First of all, this was not my idea! But, it’s a brilliant way to engage your kids with Shakespeare, especially high schoolers! All credit goes to Larry Reiff (@Mrreiff) – as he says, “All the world’s an e-stage”! Love it!
Now, onto the great idea… Shakespeare analyzed via memes. I know this is not traditional, but hey, we are about engaging our kids with the wonderful language and stories of Shakespeare any way possible, and this is PERFECT!
So simply, he has the kids analyze a scene and then find photos and memes that go with specific phrases. See examples below. Larry’s class uses: imgflip to generate his memes and photos… Other teachers use Canva to create cards around phrases – with images – both are engaging and fun ideas.
Have fun with these, and be sure to share more ideas so we all can have kids that are better Bard lovers!
Part 2 of the 12 part series: Why Drama is so important in School. – CREATIVITY Sherlock Holmes once questioned what the point was of filling his brain with useless facts, in this particular case, the Earth revolving around the Sun. As he would rather fill his brain with useful facts. Although I don’t completely agree with his philosophy,…
Over the years, I have done many classroom visits. It’s such a wonderful experience for me, the kids, and the teacher. It’s a quick 45-55 minutes visit, that consists of the following:
2-3 minutes about me and Shakespeare, quick and simple
5-9 minute solo TOTALLY interactive one-man show retelling one play (i.e. Macbeth or Hamlet or check out some videos below!)
Typically, I pull kids out of the audience and have them say lines or get killed during the performance!
Then we have them do their “auditions” (mine are COMPLETELY different than typical auditions)
It starts with everyone lining up and doing their best “death” (remember, this is melodramatic Shakespeare and most kids LOVE to die on stage!)
Then, I have every give me their best scream! (they just saw a dead body, it’s only logical!)
Lastly, I have everyone line up and give me their best evil laugh or witches cackle. I first start off with teaching them how to do a basic evil laugh (Muwahahaha!!! Using their entire body in the process)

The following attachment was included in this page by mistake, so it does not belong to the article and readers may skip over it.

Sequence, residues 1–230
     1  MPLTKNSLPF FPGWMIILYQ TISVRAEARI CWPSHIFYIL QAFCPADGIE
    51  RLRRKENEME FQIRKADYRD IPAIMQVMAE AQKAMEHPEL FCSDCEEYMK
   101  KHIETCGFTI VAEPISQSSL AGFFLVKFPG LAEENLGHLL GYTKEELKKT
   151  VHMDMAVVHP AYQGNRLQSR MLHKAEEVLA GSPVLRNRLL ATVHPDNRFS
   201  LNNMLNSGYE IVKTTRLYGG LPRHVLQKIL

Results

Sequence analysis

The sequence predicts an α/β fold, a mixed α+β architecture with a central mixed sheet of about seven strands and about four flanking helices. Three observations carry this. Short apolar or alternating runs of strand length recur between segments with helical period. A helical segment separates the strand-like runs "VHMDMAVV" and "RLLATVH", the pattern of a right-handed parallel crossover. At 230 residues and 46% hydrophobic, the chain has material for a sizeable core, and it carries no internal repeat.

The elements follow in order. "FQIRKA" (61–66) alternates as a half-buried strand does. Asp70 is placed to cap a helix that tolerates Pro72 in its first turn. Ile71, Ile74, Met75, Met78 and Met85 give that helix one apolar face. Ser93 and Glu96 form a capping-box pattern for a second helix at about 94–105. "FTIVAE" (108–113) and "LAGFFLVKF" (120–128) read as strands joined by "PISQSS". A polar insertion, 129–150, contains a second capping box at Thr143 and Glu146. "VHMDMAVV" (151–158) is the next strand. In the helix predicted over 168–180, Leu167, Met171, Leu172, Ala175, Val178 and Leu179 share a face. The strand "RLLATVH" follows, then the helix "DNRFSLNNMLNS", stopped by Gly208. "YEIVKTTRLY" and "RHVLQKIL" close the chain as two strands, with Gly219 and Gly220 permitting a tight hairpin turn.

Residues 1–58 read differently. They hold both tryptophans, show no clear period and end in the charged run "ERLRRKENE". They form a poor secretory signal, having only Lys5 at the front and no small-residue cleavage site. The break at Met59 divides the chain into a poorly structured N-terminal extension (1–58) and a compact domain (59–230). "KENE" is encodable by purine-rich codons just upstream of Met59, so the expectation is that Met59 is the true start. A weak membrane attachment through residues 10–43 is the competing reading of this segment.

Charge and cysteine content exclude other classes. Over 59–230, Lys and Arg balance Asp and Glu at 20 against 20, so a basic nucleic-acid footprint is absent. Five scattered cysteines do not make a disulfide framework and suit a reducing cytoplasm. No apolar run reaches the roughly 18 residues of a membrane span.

A few days before, the class reviews and writes down various Shakespeare insults from the insult generator.
Have them practice on each other (or even their parents and siblings!)
Then we meet and start the Insult-a-thon. Kids love it!
At that point, it’s a Q&A about whatever Shakespeare title they are reviewing, Shakespeare, or even book writing and publishing.
You can engage your class this way on a first day of Shakespeare, or , if you are interested in learning more about me coming in for a classroom visit, you can email me at brendan at PlayingWithPlays.com
One other note, the typical grades that I visit are 5th through 7th, they are typically the most engaging when it comes to all the hands-on activities that we do!
Classroom Insult-a-thon (Don’t forget, April 23rd is National Insult Like Shakespeare Day!) It’s simple and fun and works like this: Everyone writes up 3-4 different insults using the Shakespeare Insult Generator They spend about 5-10 minutes practicing their insults, working on generating the appropriate delivery with angst! Split the class into 2 groups that line…
Although Shakespeare used a lot of words we may not understand, and a lot of words people and kids will think are “big”, what’s clear is he was an artist with language. Now, not many of us are ever going to be 1/8th as good with language as he was, but we will at least be…
Well today is the day of the week that most people practice religion of one type or another. For some people it’s the church, others football, and to others, reading is religion. Stepping into a slightly tighter niche than that, Shakespeare. And some of these people who love the Bard, get together on Sunday for a friendly game of #ShakesTag.
What is #ShakesTag, you may ask? Well, it’s a game created by two ladies: Dr. Wells and Lara Schiffbauer. But every week they play to some type of theme, post together a short Shakespeare tweet, related to said theme, then tag it with #ShakesTag. And off goes the game!
It’s surprising, how many people are playing, and it’s fun to get tagged by someone, because it means you’re “in the gang”.
But teachers, this is where I think you can engage your kids in learning some of Shakespeare’s famous lines with your class. Or, more importantly, that is language means more than just words written on a piece of paper. During one of your classroom sessions, start a #ShakesTag game with your kids on Twitter. See how many references to “love” or insults, or humor, or some other term that would surprise and engage your kids.
Let me know how it goes. And if you have any stories of teaching kids with Shakespeare, I would love to hear and share them. Let me know!
This is a book review of STAGEiT! Shakespeare. The author of STAGEiT! Shakespeare is Floyd Rumohr, and he was gracious enough to send me a few copies so I could review them and give some away to my followers. I have 3 copies of STAGEiT! Shakespeare Grades 5-8 to give away, read on to learn…